Supplement for Reducing Cholesterol?
Q. If I were to take one natural supplement to lower my cholesterol, which one should it be?
Before you take any drug or supplement, I would recommend that you try to bring your cholesterol under control with a low-fat diet and daily exercise (at least 30 minutes of aerobic activity). These changes are essential to any cholesterol-lowering program, no matter what supplement or drug you take. That said, if I were to choose only one of the many supplements available to lower cholesterol, my pick would be Cholestin. It's a natural product with a long history of traditional use as a nutraceutical in China.
Cholestin comes from a strain of red yeast (Monascus) that is used as a natural flavoring and food coloring in Chinese cooking. The active component, lovastatin, is also the key ingredient in Mevacor, a FDA-approved cholesterol drug available by prescription. (The FDA is trying to ban Cholestin as an unapproved drug, but so far its manufacturer, Pharmanex Inc., has prevailed in court.)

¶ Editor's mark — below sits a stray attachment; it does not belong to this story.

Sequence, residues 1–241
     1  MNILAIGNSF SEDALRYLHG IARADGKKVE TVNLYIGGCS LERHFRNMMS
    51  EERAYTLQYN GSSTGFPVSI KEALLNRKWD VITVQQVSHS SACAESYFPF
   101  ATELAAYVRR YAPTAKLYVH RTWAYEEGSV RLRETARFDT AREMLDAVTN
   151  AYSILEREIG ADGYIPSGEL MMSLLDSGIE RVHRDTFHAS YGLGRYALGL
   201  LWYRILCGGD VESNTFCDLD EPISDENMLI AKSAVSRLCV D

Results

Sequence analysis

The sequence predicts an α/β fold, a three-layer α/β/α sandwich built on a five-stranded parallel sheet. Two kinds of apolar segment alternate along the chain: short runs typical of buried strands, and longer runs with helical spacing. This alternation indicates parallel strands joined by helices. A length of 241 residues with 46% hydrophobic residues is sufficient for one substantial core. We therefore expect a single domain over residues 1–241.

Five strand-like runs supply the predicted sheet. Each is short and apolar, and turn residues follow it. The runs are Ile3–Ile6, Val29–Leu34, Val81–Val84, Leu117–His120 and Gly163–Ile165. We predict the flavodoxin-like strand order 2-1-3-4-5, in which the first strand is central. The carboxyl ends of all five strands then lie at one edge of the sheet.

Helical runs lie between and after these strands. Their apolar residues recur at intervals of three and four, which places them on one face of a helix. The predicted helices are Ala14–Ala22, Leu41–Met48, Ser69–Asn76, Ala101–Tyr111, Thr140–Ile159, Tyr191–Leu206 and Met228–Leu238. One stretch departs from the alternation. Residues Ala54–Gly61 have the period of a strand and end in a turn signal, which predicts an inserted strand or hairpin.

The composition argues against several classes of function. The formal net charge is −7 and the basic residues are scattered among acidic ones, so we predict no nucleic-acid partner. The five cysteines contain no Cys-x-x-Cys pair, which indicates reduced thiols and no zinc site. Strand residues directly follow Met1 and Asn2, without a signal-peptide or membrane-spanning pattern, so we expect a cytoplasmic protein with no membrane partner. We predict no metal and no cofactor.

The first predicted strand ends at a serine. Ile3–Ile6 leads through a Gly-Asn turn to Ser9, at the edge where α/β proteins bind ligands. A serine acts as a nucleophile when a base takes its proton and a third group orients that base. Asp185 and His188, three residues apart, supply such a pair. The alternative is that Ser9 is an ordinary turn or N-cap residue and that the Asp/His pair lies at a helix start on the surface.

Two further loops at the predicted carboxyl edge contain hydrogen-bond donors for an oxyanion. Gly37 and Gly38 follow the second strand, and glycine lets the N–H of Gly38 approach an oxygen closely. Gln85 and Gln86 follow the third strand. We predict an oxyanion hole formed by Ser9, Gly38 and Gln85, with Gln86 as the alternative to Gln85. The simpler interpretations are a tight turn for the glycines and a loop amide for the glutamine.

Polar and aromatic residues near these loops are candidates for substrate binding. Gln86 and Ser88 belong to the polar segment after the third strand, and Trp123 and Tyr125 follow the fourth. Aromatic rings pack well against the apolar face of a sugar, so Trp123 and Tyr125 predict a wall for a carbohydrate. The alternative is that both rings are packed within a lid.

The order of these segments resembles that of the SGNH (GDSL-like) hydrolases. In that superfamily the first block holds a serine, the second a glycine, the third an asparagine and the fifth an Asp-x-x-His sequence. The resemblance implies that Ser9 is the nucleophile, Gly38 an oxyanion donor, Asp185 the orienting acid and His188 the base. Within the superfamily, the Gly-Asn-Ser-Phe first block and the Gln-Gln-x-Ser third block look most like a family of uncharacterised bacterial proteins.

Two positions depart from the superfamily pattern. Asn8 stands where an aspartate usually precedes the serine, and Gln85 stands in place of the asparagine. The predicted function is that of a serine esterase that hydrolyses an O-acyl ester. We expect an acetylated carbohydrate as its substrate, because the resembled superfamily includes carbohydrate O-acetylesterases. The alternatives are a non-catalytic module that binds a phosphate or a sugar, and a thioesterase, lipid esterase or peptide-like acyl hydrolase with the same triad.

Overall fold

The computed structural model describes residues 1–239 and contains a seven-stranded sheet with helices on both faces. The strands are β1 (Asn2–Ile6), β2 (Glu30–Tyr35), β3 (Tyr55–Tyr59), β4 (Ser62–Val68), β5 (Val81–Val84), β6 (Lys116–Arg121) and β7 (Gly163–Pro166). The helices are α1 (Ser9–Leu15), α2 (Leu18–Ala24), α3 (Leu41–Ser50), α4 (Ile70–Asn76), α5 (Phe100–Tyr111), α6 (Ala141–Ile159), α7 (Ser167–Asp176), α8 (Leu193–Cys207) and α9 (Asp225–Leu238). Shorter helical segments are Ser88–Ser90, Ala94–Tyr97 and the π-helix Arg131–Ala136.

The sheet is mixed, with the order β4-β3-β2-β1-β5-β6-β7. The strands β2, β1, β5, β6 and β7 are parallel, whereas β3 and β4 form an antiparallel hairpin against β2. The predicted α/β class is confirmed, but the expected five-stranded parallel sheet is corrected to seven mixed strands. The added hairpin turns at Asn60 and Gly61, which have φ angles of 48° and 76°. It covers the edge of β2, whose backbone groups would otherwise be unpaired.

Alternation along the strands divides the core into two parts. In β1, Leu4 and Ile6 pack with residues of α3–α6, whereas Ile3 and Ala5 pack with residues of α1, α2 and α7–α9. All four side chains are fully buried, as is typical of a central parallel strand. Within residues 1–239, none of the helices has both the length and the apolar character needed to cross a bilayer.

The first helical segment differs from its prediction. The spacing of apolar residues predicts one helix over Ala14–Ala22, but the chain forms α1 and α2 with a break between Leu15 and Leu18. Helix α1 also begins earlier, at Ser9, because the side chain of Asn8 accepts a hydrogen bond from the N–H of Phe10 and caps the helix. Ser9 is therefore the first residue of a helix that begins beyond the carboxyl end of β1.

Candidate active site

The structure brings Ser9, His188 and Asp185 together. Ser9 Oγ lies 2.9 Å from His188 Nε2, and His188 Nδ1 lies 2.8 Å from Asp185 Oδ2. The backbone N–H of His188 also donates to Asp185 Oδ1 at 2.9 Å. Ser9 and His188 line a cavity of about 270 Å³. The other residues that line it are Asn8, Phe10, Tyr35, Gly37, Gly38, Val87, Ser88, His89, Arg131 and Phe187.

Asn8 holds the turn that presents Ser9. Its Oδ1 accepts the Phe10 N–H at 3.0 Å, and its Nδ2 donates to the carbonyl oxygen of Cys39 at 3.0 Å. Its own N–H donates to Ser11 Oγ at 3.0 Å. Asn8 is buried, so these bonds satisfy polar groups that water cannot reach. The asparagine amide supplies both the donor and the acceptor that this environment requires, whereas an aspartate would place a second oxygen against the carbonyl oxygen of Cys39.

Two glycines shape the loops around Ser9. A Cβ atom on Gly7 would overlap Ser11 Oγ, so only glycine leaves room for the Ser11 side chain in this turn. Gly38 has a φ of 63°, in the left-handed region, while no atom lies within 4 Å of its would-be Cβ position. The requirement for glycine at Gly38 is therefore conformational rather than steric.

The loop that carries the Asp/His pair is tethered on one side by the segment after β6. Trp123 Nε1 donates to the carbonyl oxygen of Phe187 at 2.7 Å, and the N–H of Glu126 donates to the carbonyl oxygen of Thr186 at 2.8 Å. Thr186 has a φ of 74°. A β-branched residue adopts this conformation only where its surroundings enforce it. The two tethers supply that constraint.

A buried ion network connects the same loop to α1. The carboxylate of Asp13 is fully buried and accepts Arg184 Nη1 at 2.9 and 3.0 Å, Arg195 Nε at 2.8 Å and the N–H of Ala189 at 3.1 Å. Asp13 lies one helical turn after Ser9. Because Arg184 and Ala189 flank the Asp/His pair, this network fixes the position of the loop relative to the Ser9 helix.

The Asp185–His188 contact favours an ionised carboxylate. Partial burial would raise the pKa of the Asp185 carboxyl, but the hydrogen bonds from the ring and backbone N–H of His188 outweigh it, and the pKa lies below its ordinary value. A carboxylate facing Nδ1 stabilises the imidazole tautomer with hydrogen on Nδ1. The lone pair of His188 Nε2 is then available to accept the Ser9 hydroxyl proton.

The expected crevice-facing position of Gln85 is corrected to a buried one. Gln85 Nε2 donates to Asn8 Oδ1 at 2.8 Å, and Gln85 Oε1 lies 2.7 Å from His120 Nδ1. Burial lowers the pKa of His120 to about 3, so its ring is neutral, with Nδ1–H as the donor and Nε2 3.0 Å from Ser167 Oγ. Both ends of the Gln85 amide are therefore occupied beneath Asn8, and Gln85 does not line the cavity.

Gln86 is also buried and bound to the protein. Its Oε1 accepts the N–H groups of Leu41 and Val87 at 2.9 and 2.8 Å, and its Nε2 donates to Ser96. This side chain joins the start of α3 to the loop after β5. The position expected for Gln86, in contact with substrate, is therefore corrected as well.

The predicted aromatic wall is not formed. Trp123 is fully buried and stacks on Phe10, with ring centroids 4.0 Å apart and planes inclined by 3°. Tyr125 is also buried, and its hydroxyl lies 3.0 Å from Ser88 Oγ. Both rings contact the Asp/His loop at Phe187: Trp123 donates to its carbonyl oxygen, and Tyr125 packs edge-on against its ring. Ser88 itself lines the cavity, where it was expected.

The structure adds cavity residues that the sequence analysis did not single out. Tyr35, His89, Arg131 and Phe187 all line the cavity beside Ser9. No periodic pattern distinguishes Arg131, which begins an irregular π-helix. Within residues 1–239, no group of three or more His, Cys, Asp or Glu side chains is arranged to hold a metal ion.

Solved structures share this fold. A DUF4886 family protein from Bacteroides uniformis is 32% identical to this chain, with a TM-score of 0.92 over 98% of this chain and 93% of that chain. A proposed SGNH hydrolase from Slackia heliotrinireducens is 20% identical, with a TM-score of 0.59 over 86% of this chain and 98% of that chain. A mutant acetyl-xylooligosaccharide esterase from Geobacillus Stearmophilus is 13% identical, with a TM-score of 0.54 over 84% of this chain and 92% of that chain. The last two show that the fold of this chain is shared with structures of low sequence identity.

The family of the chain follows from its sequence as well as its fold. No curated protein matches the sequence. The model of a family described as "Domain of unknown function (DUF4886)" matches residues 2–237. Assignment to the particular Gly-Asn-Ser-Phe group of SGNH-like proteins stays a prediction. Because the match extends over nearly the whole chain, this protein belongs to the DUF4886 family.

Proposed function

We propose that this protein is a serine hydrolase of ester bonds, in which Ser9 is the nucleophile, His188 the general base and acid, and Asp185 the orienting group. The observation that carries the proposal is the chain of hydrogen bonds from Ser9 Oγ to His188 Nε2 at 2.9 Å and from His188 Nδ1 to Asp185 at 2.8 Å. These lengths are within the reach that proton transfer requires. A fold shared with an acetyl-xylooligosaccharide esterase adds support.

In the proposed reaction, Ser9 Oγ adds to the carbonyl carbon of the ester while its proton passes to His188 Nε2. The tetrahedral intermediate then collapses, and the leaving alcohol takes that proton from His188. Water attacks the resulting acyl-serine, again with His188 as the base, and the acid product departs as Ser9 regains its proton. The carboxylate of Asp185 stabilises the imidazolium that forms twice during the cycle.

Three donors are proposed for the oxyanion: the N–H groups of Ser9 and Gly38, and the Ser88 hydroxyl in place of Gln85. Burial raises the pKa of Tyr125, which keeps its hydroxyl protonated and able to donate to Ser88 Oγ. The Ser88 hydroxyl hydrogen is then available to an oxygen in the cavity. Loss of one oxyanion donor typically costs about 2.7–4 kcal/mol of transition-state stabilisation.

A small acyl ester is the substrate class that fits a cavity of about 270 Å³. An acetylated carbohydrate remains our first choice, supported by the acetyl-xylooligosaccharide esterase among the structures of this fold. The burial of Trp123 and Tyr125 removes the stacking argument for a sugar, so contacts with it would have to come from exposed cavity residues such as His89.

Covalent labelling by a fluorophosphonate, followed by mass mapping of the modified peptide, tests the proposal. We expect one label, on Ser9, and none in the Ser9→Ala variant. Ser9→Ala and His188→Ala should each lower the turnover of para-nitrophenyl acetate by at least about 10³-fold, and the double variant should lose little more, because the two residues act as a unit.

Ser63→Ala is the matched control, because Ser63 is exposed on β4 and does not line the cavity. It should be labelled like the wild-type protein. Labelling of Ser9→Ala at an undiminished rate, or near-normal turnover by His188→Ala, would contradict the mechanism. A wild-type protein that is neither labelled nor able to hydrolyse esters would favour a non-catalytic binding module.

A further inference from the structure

I believe that Cholestin is safer than its pharmaceutical counterparts. Pharmanex cites 17 clinical studies done in China to support its claims that Cholestin lowers cholesterol. The supplement is intended for healthy men and postmenopausal women with moderately elevated cholesterol -- 200 to 239 mg/dl -- who are willing to follow a regular exercise program and a healthy, low-fat diet. However, if your cholesterol is 240 or higher, take Cholestin only under a doctor's supervision.
Other supplements and foods that may help lower your cholesterol are garlic, vitamin B3 (Niacin), and soy protein. Guggulipid and pycnogenol have some cholesterol-lowering properties, too -- but none of these comes close to Cholestin in effectiveness. You should also make some dietary changes, such as drinking green tea and eating more soluble fiber (oat bran), foods rich in omega-3 fatty acids (salmon, sardines, walnuts), and leafy greens and fresh fruits.